Tuesday, January 11, 2011

November light

The last time these parts saw 9 1/2 hours of sunlight was the last day in November. The darkest 6 weeks of the year are over.


Photons strike chlorophyll, electrons get pumped up, organic compounds grow. We need the sun. Not in a metaphorical sense.

Every breath you take, every thought you think, every sound you make requires energy, energy released when you break the bonds in the bread you eat.

The energy came from the sun, caught by plants, stored in bonds. The bonds get broken, our daily bread again reduced to (or, I suppose, oxidized, for you chemistry folks out there) to carbon dioxide, to water, the raw ingredients plants need for creating the stuff that ultimately creates us.

I cannot (and would not) presume to teach any religious creed in class. I do talk about this, though. Photosynthesis and respiration, molecules dancing together, joined together by the grace of sunlight, then breaking apart to release the energy within ourselves, energy needed to read these words.

The sunlight is returning. The days are lengthening.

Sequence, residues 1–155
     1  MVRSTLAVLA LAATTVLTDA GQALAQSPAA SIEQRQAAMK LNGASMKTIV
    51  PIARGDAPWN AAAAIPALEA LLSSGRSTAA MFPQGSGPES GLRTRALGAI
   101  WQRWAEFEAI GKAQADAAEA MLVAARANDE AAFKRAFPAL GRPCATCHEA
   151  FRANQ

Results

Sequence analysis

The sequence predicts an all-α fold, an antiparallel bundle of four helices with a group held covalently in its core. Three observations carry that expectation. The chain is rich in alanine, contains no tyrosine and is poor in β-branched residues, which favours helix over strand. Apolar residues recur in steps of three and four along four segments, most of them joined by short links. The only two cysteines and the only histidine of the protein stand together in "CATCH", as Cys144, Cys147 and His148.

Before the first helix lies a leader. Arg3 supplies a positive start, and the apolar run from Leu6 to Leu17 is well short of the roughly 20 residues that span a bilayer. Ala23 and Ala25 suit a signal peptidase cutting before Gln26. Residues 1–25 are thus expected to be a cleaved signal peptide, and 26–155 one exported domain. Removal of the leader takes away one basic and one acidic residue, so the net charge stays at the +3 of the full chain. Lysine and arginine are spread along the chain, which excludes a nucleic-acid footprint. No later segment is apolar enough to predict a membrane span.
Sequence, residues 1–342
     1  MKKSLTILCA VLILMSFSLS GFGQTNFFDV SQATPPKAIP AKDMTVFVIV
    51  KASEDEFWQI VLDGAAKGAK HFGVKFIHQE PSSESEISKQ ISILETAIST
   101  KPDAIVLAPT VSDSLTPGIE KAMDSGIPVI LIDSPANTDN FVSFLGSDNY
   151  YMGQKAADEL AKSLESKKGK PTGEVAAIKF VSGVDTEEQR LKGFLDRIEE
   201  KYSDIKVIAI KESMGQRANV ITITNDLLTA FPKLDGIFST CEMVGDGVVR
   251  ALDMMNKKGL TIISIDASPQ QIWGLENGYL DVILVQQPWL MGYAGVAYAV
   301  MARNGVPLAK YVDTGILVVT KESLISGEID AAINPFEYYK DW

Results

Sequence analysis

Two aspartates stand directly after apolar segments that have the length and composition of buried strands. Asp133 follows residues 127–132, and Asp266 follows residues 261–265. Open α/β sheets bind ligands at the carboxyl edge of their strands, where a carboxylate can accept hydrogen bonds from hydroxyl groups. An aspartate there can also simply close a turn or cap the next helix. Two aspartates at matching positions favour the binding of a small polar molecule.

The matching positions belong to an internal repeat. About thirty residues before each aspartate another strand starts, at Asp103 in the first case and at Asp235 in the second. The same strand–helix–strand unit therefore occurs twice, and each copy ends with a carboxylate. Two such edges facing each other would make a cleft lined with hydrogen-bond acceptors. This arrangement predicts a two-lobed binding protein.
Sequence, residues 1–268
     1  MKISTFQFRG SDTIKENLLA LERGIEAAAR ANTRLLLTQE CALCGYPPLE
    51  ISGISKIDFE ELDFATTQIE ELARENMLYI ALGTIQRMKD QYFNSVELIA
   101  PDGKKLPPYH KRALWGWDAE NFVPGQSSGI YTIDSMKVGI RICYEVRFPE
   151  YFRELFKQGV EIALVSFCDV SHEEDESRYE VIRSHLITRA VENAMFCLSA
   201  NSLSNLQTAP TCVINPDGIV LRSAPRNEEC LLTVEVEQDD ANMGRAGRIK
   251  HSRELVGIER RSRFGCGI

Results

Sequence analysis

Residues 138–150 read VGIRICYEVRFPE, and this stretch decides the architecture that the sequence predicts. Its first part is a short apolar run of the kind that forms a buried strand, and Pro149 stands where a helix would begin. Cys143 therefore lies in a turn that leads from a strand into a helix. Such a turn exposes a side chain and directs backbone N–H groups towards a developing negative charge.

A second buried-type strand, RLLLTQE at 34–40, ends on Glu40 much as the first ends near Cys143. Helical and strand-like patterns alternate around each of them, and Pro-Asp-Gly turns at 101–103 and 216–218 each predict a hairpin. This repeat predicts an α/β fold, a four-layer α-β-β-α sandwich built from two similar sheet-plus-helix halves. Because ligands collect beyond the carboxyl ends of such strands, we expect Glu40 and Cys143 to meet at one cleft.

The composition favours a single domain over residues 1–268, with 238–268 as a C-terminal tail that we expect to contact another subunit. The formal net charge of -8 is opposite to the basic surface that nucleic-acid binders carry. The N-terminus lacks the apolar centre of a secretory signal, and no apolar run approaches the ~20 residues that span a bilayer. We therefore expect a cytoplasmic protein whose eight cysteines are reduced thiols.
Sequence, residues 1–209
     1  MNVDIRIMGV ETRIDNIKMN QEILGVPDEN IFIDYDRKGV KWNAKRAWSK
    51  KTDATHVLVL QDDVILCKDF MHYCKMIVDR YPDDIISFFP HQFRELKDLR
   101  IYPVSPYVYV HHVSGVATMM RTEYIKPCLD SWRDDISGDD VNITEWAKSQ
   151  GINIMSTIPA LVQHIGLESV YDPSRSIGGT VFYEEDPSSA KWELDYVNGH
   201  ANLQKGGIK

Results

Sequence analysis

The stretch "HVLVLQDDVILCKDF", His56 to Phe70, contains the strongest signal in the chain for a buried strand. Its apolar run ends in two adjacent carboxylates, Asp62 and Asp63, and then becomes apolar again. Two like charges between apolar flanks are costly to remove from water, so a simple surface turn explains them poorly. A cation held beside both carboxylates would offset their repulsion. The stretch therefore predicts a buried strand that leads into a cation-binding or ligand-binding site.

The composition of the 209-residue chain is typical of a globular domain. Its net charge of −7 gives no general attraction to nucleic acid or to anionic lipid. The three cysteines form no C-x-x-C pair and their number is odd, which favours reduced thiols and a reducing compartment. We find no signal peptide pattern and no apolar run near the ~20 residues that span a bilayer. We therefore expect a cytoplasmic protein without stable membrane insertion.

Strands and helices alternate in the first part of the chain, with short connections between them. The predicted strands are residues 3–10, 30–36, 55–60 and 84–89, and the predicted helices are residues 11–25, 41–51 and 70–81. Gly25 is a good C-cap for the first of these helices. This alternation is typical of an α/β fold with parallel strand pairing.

And our lives depend on it.

Photo by Leslie.


Kate said...


Dark times this year, but the light is returning.

from the preface to a favorite cookbook, The Tassajara Bread Book by Edward Espe Brown:
Rock and Water
Wind and Tree
Bread Dough Rising

Vastly all
Are patient with me

Doug Noon said...

In Fairbanks we're still 44 days shy of 9.5 hours of sunlight, but we're gaining 5+ minutes/day now, leading up to the orgy of sunlight we get in late spring/summer. But, for now, we have to content ourselves with sub5-hour days, which lend themselves to quiet reflection and noticing things that are near, like the moon. Snatches of sunlight gather on snowy spruce branches at midday, and hoar-frosted birch trees blaze like chandeliers when the light is right.

Late winter in interior Alaska is a time for getting out. The trails are good and hard. No bugs!